In 2012 Cherry Healey presented a program on BBC3 entitled, Is Breast Best? In it she asked a various number of women about their experiences of feeding their babies. The most memorable part of this documentary for me was one pregnant teenage girl saying, "Boobs are for sex and showing off. That's what they're there for". I fear that too many people hold this attitude and millions of babies are missing out on the benefits of breastfeeding as a result.
At the time the documentary was aired I was volunteering as a breastfeeding helper at a children's centre. Any breastfeeding families were welcome to come along and receive help and advice from the volunteers and from other breastfeeding mothers. This week Cherry's documentary dominated the conversation and I remember one mother saying, "if only they put pictures of breastfeeding mothers in the newspaper, instead of pictures of women looking sexy". I agree and think a lot more women would attempt breastfeeding if breasts weren't presented as purely sexual on Page Three.
In England only 24% of women are fully breastfeeding at 6 weeks* and breastfeeding rates among teenage pregnancies are incredibly low. I find this alarming and I'm sure I'm not the only one. I don't want to put pressure on women to breastfeed because I know there is a lot of that around already and I don't think it's particularly helpful. But the benefits of breastfeeding cannot be denied and if women are being put off before even trying, then I think there is something fundamentally wrong with our society.
In a UNICEF pamphlet on breastfeeding, it is stated that 'the breast's sexual connotations in the UK,'** can form a hindrance to how people feel about breastfeeding in public. The UK's biggest selling national newspaper prints a picture of bare breasts on page 3 and this kind of sexualization of the breast can 'make the sight (of a woman breastfeeding) shocking to those lacking in experience or understanding'. If breasts are seen as fundamentally sexual then the idea of putting one in a baby's mouth can be shocking. If breasts are understood as the producer of nourishment and comfort to babies then the sight of a woman breastfeeding in public may become more socially acceptable.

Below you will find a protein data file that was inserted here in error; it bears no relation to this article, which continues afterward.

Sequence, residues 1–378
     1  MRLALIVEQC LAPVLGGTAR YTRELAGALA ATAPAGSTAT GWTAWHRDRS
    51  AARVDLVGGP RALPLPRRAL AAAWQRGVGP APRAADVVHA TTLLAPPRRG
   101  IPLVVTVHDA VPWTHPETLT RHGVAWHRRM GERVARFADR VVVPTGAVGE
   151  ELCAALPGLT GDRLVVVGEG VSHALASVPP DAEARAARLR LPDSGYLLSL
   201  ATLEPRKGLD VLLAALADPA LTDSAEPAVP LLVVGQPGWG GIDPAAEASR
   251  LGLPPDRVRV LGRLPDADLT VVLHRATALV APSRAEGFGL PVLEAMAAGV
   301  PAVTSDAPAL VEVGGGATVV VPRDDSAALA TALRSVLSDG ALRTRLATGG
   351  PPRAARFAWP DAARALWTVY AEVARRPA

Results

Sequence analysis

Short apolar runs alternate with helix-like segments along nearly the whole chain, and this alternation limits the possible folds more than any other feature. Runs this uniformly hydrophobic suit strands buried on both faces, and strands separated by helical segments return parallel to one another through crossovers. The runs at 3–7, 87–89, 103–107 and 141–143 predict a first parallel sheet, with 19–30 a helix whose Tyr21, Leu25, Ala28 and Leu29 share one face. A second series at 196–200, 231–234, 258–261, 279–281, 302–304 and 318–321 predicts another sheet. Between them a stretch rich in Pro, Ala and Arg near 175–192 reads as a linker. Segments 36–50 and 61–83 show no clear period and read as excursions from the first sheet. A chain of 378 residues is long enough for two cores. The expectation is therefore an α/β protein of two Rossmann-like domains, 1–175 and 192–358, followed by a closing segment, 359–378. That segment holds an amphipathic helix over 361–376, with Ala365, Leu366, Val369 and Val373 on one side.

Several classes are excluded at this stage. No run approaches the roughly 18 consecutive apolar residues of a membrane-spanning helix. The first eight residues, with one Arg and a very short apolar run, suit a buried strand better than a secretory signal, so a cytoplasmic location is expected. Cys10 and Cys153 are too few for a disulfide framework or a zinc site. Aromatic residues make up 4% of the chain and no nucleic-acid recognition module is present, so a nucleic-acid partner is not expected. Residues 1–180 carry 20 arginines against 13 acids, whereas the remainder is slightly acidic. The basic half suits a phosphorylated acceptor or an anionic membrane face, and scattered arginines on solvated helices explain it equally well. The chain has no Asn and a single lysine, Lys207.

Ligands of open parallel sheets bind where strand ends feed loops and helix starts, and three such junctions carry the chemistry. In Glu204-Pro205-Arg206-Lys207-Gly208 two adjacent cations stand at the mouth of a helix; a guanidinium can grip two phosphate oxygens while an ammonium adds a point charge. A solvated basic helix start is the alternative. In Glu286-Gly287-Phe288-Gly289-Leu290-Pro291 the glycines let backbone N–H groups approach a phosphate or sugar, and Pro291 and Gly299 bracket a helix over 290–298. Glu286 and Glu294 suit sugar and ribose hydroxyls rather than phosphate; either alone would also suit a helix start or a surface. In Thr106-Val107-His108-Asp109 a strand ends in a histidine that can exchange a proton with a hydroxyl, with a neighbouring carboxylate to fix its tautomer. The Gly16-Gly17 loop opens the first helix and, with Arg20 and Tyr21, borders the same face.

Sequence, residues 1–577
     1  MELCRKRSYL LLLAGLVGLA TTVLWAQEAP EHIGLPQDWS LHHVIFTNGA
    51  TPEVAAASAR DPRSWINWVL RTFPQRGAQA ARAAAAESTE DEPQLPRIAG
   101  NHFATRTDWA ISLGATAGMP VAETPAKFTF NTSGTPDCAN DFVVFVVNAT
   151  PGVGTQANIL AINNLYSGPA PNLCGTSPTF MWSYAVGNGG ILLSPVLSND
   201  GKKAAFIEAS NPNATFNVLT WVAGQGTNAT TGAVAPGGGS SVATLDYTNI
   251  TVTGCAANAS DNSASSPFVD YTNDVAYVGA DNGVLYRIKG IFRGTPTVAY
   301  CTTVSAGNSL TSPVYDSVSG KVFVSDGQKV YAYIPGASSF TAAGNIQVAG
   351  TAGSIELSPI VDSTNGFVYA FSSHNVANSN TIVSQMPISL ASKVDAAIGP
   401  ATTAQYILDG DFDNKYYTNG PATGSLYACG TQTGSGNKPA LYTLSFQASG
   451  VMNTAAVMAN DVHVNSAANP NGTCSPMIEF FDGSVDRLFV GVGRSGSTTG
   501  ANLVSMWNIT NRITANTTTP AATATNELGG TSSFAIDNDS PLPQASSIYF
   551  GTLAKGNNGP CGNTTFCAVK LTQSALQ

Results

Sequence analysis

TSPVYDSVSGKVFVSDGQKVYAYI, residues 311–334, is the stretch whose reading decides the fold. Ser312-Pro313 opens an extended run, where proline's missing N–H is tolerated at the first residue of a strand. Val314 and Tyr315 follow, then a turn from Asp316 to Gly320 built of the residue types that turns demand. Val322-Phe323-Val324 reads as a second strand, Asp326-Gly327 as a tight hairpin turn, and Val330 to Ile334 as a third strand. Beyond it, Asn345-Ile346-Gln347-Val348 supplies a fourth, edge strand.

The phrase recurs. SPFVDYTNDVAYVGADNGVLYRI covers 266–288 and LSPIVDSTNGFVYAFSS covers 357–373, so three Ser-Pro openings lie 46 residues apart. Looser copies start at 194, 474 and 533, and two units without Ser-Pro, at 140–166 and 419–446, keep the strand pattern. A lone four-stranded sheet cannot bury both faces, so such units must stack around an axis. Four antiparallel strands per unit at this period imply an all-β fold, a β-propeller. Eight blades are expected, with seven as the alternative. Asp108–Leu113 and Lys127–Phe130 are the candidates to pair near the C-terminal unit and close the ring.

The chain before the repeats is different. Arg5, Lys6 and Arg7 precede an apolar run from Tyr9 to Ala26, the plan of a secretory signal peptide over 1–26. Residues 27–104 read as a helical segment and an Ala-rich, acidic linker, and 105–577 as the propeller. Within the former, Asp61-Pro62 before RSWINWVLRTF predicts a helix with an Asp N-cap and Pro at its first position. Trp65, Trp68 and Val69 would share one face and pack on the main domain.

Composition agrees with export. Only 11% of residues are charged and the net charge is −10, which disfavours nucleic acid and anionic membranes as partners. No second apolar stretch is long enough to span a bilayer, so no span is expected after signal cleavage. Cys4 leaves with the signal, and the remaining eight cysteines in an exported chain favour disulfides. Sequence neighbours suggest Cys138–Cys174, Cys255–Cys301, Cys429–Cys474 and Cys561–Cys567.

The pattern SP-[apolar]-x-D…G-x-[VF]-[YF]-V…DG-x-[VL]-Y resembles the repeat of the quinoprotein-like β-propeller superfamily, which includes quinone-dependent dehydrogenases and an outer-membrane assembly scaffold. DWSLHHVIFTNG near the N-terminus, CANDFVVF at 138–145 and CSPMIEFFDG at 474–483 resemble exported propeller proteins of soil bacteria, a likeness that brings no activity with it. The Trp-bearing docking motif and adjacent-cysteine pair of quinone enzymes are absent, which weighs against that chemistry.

Heather, mum to one-month-old baby Lily, said she found breastfeeding in public to be "tricky". She said, "there's still a bit of a stigma about it" and when I asked her if Page Three made the stigma worse, she said: "I do think that breastfeeding is something that needs to be spoken about more (especially in the media), as it seems like people would rather just not look/not be around it. I do think that Page Three makes the situation worse. I haven't experienced being in a cafe where a man is reading Page Three, but I can imagine that being an environment where I wouldn't feel comfortable breastfeeding". I feel a real sadness thinking about new mothers who want to breastfeed feeling uncomfortable about doing it. It is a primal instinct to want to nourish a hungry infant, why should mums be made to feel uncomfortable for doing so?
On a personal note, I experienced many problems when I was breastfeeding that I felt completely unprepared for.*** If breastfeeding were more socially acceptable and more women breastfed in public, perhaps I would have been more aware of the problems you can encounter and would have heard possible ways of dealing with them.
As Unicef state, "attitudes to breastfeeding are not going to improve if the level of knowledge and understanding among the general population is not raised".**** Page 3 creates a barrier between women and breastfeeding as it sends out a harmful message to society that 'Boobs are for sex,' when primarily boobs are for babies.
Please sign the No More Page 3 petition. www.change.org/nomorepage3
***You can read about my experiences of breastfeeding here: www.listentothechorus.wordpress.com